Collective bargaining in the public schools of the nation has its legal roots in the industrial labor model fashioned in the 1930s out of labor strife between union organizers and private businesses. This industrial union labor model was transplanted almost wholesale into the public sector over fifty years ago when teachers, fire and police personnel were granted the legislative right to collectively bargain their wages, benefits, and terms and conditions of employment in most states. What impact has this industrial model had on public education and on the relationship between teachers and administrators? Labor Relations in Education explores unions and collective bargaining in the public schools of America. The history of the laws, the politics of the response to collective bargaining and unions, and the practices of bargaining and managing a contract are explored in this volume. Changes that may move labor relations into professional relations and away from the industrial labor union model and diminish the schism that exists between educators are discussed. A fully developed simulation is included to employ the practices and concepts discussed in the book.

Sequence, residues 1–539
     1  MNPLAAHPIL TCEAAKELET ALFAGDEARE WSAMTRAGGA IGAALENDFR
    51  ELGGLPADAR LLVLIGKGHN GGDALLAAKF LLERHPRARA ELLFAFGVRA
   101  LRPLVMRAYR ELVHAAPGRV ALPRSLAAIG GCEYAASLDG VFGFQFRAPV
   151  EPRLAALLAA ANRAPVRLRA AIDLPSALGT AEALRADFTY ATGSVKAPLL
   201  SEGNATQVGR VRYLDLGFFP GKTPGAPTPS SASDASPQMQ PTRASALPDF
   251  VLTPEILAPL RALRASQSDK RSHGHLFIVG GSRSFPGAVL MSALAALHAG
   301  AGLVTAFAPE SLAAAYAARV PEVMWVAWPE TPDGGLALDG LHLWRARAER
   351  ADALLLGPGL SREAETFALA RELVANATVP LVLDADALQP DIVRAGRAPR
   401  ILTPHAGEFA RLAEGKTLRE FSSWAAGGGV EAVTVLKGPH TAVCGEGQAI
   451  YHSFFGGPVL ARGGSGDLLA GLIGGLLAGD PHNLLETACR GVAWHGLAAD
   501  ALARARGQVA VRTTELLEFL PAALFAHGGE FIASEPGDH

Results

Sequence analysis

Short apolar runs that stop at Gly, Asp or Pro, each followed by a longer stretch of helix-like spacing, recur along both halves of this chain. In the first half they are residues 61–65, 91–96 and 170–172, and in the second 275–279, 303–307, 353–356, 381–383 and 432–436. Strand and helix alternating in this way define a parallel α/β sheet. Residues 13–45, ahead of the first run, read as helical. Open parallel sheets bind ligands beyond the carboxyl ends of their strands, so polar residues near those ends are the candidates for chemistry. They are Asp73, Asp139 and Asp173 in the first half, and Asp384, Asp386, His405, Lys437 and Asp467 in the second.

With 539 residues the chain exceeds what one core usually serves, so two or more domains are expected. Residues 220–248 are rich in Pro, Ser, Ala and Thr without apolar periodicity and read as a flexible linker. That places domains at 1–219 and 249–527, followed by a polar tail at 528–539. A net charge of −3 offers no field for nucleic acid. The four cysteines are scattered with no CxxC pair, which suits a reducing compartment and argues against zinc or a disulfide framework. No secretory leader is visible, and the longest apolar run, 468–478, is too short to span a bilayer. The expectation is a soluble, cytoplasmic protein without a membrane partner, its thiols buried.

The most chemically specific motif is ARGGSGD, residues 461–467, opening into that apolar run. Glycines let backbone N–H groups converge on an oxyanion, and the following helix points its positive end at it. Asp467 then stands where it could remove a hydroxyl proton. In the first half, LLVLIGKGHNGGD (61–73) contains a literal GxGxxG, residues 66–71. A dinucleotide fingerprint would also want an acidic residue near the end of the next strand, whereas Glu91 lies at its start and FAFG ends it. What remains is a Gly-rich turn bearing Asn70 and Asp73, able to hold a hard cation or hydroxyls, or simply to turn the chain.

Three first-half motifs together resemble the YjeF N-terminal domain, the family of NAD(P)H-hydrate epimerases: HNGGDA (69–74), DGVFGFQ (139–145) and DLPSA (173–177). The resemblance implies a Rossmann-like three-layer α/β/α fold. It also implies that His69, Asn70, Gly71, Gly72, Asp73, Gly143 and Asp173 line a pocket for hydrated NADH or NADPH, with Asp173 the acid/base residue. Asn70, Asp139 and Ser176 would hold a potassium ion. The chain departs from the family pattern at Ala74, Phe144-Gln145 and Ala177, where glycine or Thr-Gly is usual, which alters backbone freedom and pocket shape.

Todd DeMitchell has spent eighteen years in the public schools and is finishing his nineteenth year as professor and chair of the Department of Education at the University of New Hampshire. His research focuses on school law and labor relations and has published 130 books, journal articles, and law review articles.
1 Introduction 2 Labor Relations in Education 3 The Legal Framework 4 Community & Conflict 5 Professionalism and Unionism 6 Reform and Labor Relations 7 Preparation and Practice: At the Table 8 The Future of Professional Relations 9 Glossary with Some Comments 10 Appendices